More companies are using resume screening software, in response to the higher number of resumes submitted. The first strategy in getting your resume read–by a human–is understanding how these programs work.
This infographic from resume web app Resunate illustrates the basic process:
Your resume is run through a parser, which removes the styling from the resume and breaks the text down into recognized words or phrases.
The parser then sorts that content into different categories: Education, contact info, skills, and work experience.
The employer’s desired skills or keywords are matched against the results from above.
Your resume is scored on relevancy—using semantic matching against the employer’s search terms and your years of experience.
So, clearly, it’s vital to include relevant text in your resume—but not to indiscriminately load up your resume with words from the job description. The best results come from a SEO type strategy (more on that later). (Besides, many job applicants try to be clever, and will be using the same keywords in their resumes.)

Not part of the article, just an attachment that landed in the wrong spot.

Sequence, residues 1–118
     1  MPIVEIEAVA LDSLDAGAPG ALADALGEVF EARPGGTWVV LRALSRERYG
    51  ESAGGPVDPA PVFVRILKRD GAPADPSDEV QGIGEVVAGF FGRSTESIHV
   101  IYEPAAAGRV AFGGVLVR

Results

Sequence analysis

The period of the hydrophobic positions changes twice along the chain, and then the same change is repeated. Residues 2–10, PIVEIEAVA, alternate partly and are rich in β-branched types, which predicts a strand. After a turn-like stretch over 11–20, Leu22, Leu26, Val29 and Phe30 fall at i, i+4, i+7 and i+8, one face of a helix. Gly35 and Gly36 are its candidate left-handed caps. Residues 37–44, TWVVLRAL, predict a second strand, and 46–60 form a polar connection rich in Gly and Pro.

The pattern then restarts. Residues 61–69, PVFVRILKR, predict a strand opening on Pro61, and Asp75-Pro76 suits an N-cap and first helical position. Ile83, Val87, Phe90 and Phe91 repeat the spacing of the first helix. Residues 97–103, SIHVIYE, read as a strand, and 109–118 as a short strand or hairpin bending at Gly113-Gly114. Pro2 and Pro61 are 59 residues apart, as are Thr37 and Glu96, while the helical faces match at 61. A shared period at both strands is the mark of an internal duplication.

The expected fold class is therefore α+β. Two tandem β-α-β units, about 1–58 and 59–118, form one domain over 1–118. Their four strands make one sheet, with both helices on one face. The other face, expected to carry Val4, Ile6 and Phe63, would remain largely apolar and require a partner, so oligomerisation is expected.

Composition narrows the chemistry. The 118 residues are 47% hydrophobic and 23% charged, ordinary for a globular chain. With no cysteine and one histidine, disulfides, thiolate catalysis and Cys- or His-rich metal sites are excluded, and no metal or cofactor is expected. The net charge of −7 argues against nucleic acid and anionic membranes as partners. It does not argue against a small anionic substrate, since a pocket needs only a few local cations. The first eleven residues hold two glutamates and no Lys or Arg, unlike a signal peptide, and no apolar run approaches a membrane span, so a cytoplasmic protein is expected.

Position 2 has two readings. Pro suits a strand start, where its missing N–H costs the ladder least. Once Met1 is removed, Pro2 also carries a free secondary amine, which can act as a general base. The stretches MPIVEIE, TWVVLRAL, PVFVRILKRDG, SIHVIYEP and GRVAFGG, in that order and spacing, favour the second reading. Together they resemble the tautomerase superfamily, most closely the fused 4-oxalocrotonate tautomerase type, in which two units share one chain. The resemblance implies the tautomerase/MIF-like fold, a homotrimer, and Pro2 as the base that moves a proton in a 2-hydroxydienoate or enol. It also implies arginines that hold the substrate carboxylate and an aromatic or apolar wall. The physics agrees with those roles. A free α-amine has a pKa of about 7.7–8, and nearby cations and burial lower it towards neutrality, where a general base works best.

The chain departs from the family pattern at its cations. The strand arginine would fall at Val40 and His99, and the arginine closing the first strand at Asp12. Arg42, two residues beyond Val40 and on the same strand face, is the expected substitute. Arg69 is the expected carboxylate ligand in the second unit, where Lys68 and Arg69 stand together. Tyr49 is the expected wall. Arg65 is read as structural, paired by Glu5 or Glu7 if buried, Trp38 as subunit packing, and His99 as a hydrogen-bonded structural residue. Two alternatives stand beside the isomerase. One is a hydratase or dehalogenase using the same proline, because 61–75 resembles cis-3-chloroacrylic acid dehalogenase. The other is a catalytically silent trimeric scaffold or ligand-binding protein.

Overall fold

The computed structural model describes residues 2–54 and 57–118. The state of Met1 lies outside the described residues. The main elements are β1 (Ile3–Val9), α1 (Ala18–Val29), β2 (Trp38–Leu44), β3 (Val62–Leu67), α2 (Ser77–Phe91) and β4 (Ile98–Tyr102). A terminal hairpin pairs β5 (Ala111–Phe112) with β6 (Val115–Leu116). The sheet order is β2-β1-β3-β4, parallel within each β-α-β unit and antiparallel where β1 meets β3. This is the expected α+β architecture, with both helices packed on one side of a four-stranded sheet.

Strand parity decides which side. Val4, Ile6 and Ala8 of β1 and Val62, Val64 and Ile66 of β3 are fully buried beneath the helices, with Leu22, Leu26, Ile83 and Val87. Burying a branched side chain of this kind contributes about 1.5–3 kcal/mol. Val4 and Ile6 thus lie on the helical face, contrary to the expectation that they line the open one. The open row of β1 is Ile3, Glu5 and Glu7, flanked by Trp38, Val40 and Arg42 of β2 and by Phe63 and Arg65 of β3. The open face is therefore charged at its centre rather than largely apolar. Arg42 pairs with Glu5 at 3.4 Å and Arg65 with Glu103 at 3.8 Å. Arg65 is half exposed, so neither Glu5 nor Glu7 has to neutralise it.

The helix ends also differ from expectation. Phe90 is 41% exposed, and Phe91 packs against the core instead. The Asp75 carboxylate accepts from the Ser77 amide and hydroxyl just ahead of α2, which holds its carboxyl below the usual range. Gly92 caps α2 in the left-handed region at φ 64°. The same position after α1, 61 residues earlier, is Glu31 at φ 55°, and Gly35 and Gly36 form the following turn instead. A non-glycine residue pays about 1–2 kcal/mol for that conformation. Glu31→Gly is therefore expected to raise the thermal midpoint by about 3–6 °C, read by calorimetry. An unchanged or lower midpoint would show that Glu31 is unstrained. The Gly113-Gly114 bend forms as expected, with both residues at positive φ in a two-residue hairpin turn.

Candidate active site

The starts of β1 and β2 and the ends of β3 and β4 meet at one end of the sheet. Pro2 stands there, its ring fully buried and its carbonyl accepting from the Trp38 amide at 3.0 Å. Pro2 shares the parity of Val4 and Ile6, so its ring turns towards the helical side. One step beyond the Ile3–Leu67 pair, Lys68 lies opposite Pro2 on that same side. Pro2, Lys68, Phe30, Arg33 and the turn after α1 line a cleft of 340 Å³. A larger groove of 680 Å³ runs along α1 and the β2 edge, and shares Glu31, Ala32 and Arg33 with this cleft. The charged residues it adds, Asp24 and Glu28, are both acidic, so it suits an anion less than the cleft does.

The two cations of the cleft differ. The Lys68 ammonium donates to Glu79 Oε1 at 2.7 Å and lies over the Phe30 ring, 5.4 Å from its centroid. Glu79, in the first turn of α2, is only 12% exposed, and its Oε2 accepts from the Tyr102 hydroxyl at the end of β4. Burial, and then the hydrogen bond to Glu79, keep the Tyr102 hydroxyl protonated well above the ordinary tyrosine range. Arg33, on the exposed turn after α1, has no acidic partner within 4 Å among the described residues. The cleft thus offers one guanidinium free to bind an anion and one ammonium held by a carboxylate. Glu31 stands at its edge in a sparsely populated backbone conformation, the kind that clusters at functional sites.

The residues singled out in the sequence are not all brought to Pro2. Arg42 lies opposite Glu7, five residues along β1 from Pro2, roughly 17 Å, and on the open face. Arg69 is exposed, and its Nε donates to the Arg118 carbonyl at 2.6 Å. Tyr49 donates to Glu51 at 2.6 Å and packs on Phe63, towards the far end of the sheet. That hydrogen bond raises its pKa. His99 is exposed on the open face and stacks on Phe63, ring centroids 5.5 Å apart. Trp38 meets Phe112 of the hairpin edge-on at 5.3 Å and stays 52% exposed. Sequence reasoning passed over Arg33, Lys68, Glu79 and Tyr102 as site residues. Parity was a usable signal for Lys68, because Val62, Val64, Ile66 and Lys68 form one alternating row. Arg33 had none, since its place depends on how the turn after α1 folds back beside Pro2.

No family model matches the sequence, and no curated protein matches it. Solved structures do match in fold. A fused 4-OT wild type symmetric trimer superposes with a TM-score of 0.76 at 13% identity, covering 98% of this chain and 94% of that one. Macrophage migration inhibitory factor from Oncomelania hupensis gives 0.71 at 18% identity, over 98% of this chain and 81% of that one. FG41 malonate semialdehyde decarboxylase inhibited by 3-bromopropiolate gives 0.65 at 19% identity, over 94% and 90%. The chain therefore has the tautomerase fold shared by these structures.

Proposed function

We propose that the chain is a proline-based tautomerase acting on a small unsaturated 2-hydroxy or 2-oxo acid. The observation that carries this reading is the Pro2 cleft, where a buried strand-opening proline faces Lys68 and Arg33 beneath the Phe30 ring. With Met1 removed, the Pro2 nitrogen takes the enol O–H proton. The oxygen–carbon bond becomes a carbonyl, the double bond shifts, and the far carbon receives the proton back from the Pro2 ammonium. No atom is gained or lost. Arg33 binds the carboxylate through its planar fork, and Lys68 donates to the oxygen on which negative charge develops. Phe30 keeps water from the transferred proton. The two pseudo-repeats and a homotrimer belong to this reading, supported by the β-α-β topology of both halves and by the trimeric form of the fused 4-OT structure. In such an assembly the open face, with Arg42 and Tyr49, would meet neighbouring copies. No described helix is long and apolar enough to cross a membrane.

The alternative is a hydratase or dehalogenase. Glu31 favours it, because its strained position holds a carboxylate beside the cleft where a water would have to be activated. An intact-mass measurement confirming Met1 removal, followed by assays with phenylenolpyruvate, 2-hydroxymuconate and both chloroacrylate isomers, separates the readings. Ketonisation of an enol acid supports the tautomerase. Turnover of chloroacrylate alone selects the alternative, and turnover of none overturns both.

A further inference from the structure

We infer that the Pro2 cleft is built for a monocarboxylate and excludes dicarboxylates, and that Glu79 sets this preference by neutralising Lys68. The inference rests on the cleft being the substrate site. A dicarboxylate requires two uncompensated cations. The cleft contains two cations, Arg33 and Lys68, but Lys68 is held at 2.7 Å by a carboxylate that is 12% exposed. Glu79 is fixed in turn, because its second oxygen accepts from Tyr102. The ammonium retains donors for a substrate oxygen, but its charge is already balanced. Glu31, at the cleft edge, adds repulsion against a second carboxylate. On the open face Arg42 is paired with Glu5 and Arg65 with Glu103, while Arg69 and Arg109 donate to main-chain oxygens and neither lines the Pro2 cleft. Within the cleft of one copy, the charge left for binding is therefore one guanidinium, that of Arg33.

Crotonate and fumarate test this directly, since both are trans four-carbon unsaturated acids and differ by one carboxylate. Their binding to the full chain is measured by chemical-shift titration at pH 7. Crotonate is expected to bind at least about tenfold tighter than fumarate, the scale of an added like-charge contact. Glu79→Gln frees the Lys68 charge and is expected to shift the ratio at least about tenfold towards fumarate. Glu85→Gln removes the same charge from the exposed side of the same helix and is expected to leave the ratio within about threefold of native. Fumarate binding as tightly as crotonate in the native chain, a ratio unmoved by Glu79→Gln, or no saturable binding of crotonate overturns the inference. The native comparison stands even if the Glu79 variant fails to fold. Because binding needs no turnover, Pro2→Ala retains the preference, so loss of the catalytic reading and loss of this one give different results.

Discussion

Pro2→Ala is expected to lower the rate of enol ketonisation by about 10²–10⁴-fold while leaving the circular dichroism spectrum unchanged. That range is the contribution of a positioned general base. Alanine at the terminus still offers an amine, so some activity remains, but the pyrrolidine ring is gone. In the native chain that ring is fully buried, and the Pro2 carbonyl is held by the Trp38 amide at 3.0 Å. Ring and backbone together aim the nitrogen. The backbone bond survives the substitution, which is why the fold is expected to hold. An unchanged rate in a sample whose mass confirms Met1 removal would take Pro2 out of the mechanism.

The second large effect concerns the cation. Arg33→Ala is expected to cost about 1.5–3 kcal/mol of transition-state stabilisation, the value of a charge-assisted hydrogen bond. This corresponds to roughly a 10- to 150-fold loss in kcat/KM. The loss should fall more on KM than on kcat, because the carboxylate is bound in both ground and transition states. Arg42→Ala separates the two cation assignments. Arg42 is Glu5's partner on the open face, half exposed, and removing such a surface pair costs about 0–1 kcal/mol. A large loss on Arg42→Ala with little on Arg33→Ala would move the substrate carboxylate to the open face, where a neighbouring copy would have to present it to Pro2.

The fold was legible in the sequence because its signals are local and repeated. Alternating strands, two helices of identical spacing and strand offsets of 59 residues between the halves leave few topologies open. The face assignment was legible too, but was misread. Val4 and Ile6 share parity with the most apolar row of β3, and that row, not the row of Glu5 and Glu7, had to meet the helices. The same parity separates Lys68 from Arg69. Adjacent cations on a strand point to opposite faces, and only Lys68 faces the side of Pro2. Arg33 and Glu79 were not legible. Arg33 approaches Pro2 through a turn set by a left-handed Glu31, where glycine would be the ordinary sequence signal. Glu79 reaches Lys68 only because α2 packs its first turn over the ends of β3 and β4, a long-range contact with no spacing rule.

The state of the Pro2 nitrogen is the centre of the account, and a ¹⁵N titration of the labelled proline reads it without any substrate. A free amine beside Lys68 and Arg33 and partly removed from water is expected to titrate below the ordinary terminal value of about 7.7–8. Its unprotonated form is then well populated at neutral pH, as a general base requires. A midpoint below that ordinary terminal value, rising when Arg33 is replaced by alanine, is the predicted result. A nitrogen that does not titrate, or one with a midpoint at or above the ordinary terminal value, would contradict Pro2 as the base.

Eight Questions to Make Sure You’re on Track for Career Success
Great careers are like gardens; they are cultivated and carefully tended. Like a garden, success takes work! And like a garden, the best careers can bear some wonderful fruit.
The process of tending to the garden of your career should have (in no small part) an awareness of where you are and where you are going. You have probably heard the saying “you don’t know where you are going unless you know where you have been.” It may sound trite, but when it comes to your career, it is the absolute truth! Continue reading “Is Your Career in Danger? Take the Test!”→